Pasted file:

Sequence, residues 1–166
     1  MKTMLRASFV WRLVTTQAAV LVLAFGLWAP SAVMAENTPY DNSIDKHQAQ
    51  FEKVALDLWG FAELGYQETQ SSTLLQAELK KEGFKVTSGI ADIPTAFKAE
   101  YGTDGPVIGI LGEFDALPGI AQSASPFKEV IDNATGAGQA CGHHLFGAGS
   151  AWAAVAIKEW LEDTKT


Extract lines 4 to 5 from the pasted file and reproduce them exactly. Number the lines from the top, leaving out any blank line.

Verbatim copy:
   101  YGTDGPVIGI LGEFDALPGI AQSASPFKEV IDNATGAGQA CGHHLFGAGS
   151  AWAAVAIKEW LEDTKT